Mill Valley Film Festival 38: Leonine Films Picks

Mustang (2015), dir. Deniz Gamze Ergüven.

Mustang (2015), dir. Deniz Gamze Ergüven.

MVFF 38 celebrates this year the women of film with many of its highlighted events and films: Suffragette, starring Carey Mulligan; spotlights on and tributes to Sarah Silverman, Brie Larson, Catherine Hardwicke; and, a very special exhibition honoring screen icon Ingrid Bergman on the centennial of her birth. In addition, the festival’s cleverly-named “Mind the Gap” focus this year highlights the gender gap in American filmmaking which the MVFF tries to fill with a significantly female-centric line-up. Women or not, our picks this year include Ain’t Misbehavin’ /Un Voyageur, a documentary/autobiography starring and directed by Marcel Ophuls; All Eyes and Ears, a personal-political documentary concerning US and China, by Vanessa Hope; Hou Hsiao-Hsien’s gorgeous The Assassin; Ousmane Sembène’s Black Girl/Le Noir De…, which has lost none of its freshness and impact from when it premiered in 1966; Body, by the wonderful and unpredictable Polish director Malgorzata Szumowska; El Club, from one of our favorite cinema hotspots, Chile (is it the terrain? the pungent mix of the native and colonial cultures?); Dheepan, the much-acclaimed 2015 Palme D’Or winner (and highly relevant in today’s globally-turbulent times); The Dressmaker, a rollicking (and very Australian) romp from Jocelyn Moorhouse; Golden Kingdom, which carries us beautifully through Myanmar and its political and spiritual transitions; the entertaining Hitchcock/Truffaut, which we are certain will have die-hard cinéastes lining out the door; Ingrid Bergman: In Her Own Words; Ixcamul, the début of Guatelmalan director Jayro Bustamante; Love Between the Covers, which brings the art of the romance novel to the screen (you may know director Laurie Kahn’s TV/radio work, including on Eyes on the Prize, Frontline and All Things Considered); Mardan, a moody, surreal film from Iraqi Kurdistan and the début of director Batin Ghobadi; Mustang, about the uncertain fates of five young Turkish sisters; My Mother/Mia Madre, Nanni Moretti’s Fellini-esque tale where art and life collide; La Prenda, a documentary about the fight against kidnappings in Guatemala; Marcel Ophuls’ classic The Sorrow and The Pity; Taxi, by our very favorite Iranian director Jafar Panahi, and Under The Same Sun, where the innocent kindness of childhood and the complex world of adulthood collide. Finally, a long drought of Shakespeare films (well, for us, one year since Cymbeline feels like a long time), ends with the gloomy and misty Macbeth, which really should be seen if only for Marion Cotillard.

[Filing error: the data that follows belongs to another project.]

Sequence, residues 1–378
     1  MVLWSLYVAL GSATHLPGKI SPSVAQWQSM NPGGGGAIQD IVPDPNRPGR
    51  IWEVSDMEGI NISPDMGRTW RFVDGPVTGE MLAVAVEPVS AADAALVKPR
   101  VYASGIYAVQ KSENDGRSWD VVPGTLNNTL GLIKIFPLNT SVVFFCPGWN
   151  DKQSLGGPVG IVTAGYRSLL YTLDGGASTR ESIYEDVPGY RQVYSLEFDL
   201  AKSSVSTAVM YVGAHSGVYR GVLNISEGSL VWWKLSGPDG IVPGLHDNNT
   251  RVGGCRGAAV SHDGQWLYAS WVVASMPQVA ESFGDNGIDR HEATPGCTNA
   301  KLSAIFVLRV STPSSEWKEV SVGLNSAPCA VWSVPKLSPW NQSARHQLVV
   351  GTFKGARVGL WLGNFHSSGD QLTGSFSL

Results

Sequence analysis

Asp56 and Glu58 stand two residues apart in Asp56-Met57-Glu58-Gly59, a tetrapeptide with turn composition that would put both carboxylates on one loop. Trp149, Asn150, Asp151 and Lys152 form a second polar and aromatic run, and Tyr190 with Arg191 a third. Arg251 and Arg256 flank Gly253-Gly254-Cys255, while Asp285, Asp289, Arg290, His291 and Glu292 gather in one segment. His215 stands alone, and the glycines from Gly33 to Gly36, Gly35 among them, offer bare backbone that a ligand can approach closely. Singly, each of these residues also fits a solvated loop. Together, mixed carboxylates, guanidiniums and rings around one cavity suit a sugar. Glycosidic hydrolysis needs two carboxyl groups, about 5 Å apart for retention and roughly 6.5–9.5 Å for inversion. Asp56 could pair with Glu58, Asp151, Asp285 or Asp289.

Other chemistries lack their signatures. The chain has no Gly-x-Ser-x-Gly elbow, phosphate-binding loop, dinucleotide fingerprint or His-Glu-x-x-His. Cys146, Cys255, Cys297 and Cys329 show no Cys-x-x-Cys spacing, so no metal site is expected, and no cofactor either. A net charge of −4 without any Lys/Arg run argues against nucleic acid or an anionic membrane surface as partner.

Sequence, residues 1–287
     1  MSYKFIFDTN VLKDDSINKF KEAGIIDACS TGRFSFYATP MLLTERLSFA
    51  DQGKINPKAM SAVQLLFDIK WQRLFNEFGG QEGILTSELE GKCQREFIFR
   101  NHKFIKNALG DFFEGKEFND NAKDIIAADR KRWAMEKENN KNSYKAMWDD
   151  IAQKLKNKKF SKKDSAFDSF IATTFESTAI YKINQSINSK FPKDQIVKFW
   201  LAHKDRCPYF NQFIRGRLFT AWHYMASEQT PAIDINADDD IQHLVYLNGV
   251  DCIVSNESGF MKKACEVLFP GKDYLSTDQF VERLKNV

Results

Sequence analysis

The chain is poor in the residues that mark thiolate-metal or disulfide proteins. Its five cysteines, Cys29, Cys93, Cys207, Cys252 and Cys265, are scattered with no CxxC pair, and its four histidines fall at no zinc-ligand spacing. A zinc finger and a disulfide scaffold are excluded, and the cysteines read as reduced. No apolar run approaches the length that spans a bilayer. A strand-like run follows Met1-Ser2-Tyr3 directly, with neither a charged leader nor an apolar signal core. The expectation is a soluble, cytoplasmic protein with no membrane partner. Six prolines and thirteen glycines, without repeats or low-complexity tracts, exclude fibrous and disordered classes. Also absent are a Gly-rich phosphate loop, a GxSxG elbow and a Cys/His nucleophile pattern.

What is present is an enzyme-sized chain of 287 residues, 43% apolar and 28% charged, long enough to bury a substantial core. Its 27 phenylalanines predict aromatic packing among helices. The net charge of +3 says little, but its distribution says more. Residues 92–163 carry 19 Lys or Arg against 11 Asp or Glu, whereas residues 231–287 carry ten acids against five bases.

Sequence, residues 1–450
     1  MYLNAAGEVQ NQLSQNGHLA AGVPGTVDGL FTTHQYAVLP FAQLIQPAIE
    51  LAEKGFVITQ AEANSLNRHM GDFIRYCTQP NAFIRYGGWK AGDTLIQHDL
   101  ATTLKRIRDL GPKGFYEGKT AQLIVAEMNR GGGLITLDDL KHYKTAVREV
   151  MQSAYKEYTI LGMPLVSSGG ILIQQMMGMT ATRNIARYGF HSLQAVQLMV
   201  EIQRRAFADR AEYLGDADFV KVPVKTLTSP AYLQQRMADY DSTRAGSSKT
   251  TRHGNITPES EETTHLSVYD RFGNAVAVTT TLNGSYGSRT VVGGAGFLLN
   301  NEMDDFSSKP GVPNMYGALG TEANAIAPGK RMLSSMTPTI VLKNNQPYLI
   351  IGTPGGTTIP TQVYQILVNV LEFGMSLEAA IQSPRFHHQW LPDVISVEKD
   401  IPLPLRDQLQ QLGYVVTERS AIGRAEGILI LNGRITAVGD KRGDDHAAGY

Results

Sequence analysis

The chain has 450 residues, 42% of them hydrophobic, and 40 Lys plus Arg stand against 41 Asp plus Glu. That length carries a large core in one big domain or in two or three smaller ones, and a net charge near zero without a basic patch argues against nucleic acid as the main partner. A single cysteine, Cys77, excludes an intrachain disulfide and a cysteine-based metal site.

Mill Valley Film Festival 38, running through October 18, 2015. Full line-up and tickets at

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